Majestic Copper Beech
Copper Beech up close
Copper Beech trunk––like a huge elephant's leg
But that’s all just irrelevant whining. We love our trees. We love their quirks and idiosyncrasies. They are as changeable and frustrating, as sweet and wonderful, as mysterious and revealing as our dearest loved ones. 

Wednesday, May 18, 2011

The Fame Chore

Barbara: It’s funny—for a girl who chose a job that requires me to be in the public eye, you’d think I’d be cool about … being in the public eye. And yet, I’ve never been comfortable with the idea of “fame”. I love the work, but not the perk. As it were. But when it comes to other people, I’m all for famin’ ‘em up. Give it to ‘em, baby. “Oh, ye multitudes, see this god/goddess for who and what they are!!”

So you can imagine my chagrin when my daughter seemed to be following in my uncomfortable footsteps. Younger Daughter is in her last year of high school, an aspiring filmmaker/photographer/director/changer of the world. She and a few other students at her school were recently chosen to be interviewed by our national paper… Let me say that again to greater effect: by our NATIONAL NEWSPAPER!!! The Canadian Globe and Mail wanted to cover the fact that several students from her arts high school (Etobicoke School of the Arts) were scouted by prestigious American colleges and offered numerous scholarships. Michele was one of them.

(Commercial pause: if you’re uncomfortable with maternal boasting, skip ahead to the next paragraph.) Okay, so at Portfolio Day last fall, Michele gets scouted by School of the Arts Institute Chicago, School of Visual Arts in New York, Parsons Paris, Pratt, San Francisco School of the Arts, and … wait for it … friggin’ Harvard! Yeah, my arts baby was scouted by an Ivy League school known for its business and science geeks. Turns out they have an arts program. Who knew? So several of the schools offered her scholarships (for Harvard, btw, she got as far as the interviews, but then didn’t get in). Sadly, these American schools are so expensive that even with scholarships we can’t afford to send her. I frankly don’t know how Americans do it. (Or actually I do: apparently the single largest debt load in the U.S. is student loans. Running in the trillions of dollars.) Anyway, it was a great adventure and we are proud and excited for her. And we’re sending her to a Canadian school.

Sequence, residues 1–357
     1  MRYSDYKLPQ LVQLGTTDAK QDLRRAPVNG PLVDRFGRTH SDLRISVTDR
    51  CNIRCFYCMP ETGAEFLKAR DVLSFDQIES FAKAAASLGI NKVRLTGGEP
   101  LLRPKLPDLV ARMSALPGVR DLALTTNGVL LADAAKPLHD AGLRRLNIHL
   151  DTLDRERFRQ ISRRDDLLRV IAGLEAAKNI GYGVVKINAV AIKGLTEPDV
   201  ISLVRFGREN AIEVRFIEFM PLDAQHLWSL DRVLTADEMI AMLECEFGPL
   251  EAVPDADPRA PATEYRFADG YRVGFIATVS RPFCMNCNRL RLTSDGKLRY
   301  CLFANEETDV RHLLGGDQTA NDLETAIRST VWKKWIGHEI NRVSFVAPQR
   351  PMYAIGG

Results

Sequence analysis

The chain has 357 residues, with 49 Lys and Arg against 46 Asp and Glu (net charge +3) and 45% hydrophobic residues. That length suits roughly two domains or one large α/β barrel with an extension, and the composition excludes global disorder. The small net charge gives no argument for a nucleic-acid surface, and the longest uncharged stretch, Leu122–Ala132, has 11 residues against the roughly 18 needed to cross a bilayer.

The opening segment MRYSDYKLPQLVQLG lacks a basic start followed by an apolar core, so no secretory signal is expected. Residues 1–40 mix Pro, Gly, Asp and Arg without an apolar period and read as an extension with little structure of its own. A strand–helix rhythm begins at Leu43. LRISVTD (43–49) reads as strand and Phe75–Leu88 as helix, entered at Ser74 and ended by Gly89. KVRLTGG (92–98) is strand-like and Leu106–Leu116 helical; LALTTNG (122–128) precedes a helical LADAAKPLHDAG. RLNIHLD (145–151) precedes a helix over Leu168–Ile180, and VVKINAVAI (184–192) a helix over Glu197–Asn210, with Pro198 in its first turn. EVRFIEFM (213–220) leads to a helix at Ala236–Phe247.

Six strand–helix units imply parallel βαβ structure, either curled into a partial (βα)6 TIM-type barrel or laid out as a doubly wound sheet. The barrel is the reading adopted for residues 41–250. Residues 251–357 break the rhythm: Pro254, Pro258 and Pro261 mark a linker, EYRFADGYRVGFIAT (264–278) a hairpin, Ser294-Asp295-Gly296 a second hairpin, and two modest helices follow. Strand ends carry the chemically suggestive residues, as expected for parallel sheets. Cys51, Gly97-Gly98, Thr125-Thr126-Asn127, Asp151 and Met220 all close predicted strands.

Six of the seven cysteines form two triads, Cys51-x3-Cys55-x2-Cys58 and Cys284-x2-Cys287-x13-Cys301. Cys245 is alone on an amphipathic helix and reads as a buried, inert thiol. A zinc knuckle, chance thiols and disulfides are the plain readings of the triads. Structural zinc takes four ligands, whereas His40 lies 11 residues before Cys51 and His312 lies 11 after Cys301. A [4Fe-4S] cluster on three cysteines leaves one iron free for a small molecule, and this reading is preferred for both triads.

So, when the national paper wants to interview you, you go right? Maybe some investment angel gets a load of your story and wants to send you to San Francisco all expenses paid. Maybe the coverage helps in your bid to get a green card one day. Maybe it helps your profile. It’s a small, important taste of fame. But Younger Daughter blows it off. Well, she doesn’t “blow it off”; she says she’s too busy directing her play, there are deadlines, other priorities. 

But I know her. I know she hates the limelight. I know it’s not important to her. Even if her mother is fairly pulling out her dyed hair and caterwauling at her to go and feed the fame beast, be the fame whore, get used to it, baby, because without our patrons, artists are nothing. To no avail. She had better things to do.